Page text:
Hyperbolicity measures democracy in real-world networks

Analysis of the hyperbolicity of real-world networks distinguishes between those which are aristocratic and those which are democratic.

Physical Review E 92, 1 (2015)

M. Borassi, A. Chessa, G. Caldarelli

Hyperbolicity measures democracy in real-world networks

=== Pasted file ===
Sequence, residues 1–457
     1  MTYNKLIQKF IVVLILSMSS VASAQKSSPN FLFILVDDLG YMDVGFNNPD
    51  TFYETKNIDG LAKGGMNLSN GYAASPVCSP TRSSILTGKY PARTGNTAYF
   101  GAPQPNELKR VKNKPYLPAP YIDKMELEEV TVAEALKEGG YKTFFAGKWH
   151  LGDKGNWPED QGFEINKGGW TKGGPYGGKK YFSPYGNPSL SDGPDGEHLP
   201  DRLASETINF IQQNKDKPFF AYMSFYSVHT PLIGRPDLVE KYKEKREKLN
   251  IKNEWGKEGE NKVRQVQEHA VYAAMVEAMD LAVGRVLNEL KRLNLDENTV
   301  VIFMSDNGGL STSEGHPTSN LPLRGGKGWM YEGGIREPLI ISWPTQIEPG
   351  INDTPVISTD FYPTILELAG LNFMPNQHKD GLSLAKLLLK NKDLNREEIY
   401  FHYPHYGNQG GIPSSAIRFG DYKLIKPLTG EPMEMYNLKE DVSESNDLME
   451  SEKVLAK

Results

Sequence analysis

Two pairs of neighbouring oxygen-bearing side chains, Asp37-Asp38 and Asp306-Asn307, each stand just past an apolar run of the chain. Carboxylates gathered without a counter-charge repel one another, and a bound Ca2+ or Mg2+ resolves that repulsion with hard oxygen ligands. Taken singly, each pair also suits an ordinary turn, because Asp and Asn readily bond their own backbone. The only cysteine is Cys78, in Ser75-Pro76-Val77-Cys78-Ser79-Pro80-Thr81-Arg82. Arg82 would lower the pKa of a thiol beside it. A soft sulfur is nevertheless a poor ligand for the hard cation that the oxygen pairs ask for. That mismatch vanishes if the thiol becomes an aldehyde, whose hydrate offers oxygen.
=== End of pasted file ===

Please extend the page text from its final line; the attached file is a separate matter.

In this work, we analyze the hyperbolicity of real-world networks, a geometric quantity that measures if a space is negatively curved. We provide two improvements in our understanding of this quantity: first of all, in our interpretation, a hyperbolic network is "aristocratic", since few elements "connect" the system, while a non-hyperbolic network has a more "democratic" structure with a larger number of crucial elements. The second contribution is the introduction of the average hyperbolicity of the neighbors of a given node. Through this definition, we outline an "influence area" for the vertices in the graph. We show that in real networks the influence area of the highest degree vertex is small in what we define "local" networks (i.e., social or peer-to-peer networks), and large in "global" networks (i.e., power grid, metabolic networks, or autonomous system networks).

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